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To comply with my non-disclosure agreement, I have omitted and obfuscated confidential information in this case study.The information in this case study is my own and does not necessarily reflect the views of WorldPay from FIS

Club App


Engineering, Product, Sales

In-house UX Lead working with an outside design vendor, Precocity

A secure member-only, geo-enabled app connecting business leaders across the globe.

Target Audience
YPO members (CEOs – worldwide business leaders) and their spouse/partners, Internal YPO employees, Chapter Admins
6-month timeframe. 
Research + Testing
  • Direct feedback from members

  • Interviews with members

  • Wireframe usability testing with members and spouse/partners


...on layovers, I want to find other members to talk to instead of chatting with some random stranger in the Admirals lounge. Build me that. 

– member quote and initial directive for building the app.

Young Presidents Organization (YPO), is a global community of chief executives that was founded to help connect CEOs with peers so they can learn from each other and grow together. The "Connect App," initially known as "The Admirals Club," was envisioned to address a challenge faced by YPO members - the need to connect securely and safely with other members while traveling across the globe. This case study outlines the UX design and development process of the app, highlighting three significant challenges and solutions encountered by the cross-functional, multi-continental team.


The final version of the app incorporated the following features:

  • Full member and spouse/partner directory.

  • Geolocation services to display nearby members and their information.

  • Geolocation for nearby member businesses. Post-MVP but critical for success to design it with MVP.

  • Robust security and privacy settings.

  • Ability to find and register for YPO events.


Challenge #1: Multiple Design and Dev Entities

The overall project team comprised multiple development and design teams: an in-house onshore team, an offshore team, and two third-party agencies specializing in app development and were brought in as consultants at various stages during the project. As the lead UX designer, I quickly saw a potential for silo build-up; the antithesis of progress. To overcome this, I assumed the role of a creative director and lead UX designer, ensuring there was consistent UX and brand direction across all teams. I addressed inconsistencies, resolved design conflicts, and policed design scope to maintain timeline integrity.


The YPO dev team lacked experience building native apps, and the partnership with an offshore team added complexity. To address this, I took the initiative to create new operating methods and document design precedents. These artifacts laid the groundwork for a working design system facilitating future development and strengthening continued collaboration.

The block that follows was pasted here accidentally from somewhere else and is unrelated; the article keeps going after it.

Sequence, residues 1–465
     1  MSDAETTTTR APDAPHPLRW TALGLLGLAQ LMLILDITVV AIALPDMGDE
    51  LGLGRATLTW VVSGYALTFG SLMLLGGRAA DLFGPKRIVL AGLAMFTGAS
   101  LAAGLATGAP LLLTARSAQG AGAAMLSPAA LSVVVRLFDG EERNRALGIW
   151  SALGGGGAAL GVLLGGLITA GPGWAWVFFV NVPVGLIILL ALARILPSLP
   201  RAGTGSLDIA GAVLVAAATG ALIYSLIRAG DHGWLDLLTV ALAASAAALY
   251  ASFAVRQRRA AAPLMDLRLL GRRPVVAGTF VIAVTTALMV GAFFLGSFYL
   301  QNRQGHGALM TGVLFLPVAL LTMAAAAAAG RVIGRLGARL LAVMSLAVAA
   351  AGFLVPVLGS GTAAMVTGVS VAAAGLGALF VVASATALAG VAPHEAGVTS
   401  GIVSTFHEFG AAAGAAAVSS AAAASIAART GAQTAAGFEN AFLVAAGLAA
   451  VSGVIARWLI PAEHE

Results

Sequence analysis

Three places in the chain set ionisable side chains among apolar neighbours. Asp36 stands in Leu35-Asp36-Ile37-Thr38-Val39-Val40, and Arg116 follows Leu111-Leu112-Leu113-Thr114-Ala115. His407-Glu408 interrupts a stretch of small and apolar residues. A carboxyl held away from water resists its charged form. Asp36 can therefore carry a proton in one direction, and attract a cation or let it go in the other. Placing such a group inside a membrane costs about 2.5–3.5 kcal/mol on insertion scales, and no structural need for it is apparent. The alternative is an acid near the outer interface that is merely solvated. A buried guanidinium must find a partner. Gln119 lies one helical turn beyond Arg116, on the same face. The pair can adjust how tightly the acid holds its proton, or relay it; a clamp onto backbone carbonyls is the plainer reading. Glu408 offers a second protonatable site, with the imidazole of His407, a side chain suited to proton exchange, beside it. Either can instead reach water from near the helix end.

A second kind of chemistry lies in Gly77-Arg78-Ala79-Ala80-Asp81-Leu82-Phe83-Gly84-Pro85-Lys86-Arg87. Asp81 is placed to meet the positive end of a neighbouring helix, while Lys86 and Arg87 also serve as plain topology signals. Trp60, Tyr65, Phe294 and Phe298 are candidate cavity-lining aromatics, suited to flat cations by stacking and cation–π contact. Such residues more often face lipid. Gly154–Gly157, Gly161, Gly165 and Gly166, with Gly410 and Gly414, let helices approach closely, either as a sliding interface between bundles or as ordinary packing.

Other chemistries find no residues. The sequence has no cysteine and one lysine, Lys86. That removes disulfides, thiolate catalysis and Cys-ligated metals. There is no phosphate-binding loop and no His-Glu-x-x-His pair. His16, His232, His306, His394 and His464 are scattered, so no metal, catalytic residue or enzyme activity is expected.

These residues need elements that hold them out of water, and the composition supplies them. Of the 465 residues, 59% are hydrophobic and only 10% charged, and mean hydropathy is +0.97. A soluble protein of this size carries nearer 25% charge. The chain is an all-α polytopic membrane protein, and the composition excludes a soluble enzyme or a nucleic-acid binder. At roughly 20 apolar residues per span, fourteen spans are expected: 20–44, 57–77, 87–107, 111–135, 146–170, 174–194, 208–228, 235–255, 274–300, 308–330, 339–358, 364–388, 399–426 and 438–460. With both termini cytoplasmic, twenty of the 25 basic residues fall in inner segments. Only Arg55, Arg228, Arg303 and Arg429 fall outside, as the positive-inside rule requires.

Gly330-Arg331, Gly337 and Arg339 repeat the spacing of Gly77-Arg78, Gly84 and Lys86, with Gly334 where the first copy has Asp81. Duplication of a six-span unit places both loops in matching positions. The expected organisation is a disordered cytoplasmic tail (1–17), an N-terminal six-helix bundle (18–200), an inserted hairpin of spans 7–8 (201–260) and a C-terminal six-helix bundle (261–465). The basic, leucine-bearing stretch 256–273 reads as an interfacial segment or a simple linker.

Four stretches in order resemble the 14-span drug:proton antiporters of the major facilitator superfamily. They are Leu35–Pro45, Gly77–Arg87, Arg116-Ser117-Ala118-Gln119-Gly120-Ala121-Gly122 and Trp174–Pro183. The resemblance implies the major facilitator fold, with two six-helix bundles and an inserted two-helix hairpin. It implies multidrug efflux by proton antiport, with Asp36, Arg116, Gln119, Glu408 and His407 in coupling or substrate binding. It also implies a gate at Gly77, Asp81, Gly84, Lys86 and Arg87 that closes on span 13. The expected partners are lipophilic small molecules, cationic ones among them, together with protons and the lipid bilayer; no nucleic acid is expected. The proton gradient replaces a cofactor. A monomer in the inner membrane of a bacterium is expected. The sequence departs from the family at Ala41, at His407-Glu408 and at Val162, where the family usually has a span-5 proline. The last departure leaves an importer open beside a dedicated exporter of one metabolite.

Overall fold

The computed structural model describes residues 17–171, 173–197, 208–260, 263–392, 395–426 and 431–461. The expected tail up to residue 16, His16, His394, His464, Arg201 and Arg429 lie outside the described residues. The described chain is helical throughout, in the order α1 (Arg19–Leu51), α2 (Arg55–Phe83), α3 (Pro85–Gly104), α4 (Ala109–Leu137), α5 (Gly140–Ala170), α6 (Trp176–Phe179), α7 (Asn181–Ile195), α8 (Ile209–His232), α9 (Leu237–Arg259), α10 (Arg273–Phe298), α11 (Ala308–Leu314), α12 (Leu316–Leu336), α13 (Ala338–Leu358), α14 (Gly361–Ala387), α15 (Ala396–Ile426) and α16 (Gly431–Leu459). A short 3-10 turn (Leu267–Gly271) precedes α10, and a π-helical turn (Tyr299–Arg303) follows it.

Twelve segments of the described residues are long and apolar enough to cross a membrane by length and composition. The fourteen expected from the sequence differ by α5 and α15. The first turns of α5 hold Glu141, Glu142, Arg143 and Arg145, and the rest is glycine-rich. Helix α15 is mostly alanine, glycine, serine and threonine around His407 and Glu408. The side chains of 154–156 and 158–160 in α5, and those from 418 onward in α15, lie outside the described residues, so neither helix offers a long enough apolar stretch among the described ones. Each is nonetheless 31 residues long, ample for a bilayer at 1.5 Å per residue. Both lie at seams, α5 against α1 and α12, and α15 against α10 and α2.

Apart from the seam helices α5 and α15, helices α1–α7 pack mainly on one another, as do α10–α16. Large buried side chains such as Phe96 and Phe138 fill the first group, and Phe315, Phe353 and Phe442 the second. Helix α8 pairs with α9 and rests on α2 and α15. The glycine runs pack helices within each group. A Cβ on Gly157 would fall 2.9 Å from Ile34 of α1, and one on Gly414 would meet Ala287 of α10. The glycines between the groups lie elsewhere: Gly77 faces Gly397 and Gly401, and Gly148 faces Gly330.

Challenge #2: Uncharted (Documented) Territory
Challenge #3: Are we sure? 

Senior management's never-ending debate over technology concerns and direction kept vital data management decisions locked up. I helped steer the discussion by conducting UX research and collaborating with engineering to present our unified results. Because of this iniative a deal was brokered and provided the C-suite confidence in our teamwork to move forward The project and the app were renamed "The Connect App."


Collaboration the Key to Success

Effective collaboration among our team in India, the Product Owner, and various stakeholders was crucial to achieving our goal. Despite initial challenges, we established a well-coordinated workflow. UX worked ahead on deliverables such as wireframes and hi-res comps and handed them over to the onshore and offshore teams. Regular communication and a Kanban-style process ensured smooth progress.

Breakfast (and dinner) with Calcutta: 

Communication was vital for the distributed team, given the significant time difference. I, the onshore PO and leads in India, agreed to schedule handoff calls at 5 AM and 9 PM to maintain continuous communication and stay ahead of the development schedule. 


Notes from content planning meeting with vendor`

In-flight Turbulence and Quick Redesign/Calibration: 

One of the significant design hurdles was the "find-a-member" feature, where privacy issues arose upon conducting pre-release user testing. It went beyond simple privacy, however, with a very valid concern being about the personal safety of our members and their families. I am very grateful we caught it; however, it resulted from not accounting for my internal bias of not being a CEO and lack of empathy during discovery. A gutting reminder that our work in UX has the potential for life-or-death outcomes long after our wireframes are developed, such as kidnapping, ransom, or worse.

Until now the architecture and navigation were dependent on each other. Splitting out the functionality of the app into a Directory and a Near Me features caused the team some time but with collaboration and hard work it was easily overcame. 


Before and after designs based on the realization of personal bias


This UX case study emphasizes the importance of collaboration, communication, and flexibility in delivering successful projects in a distributed team environment. By overcoming design challenges, actively seeking feedback, and maintaining an efficient workflow, the team successfully created the "Connect App" to facilitate meaningful connections.

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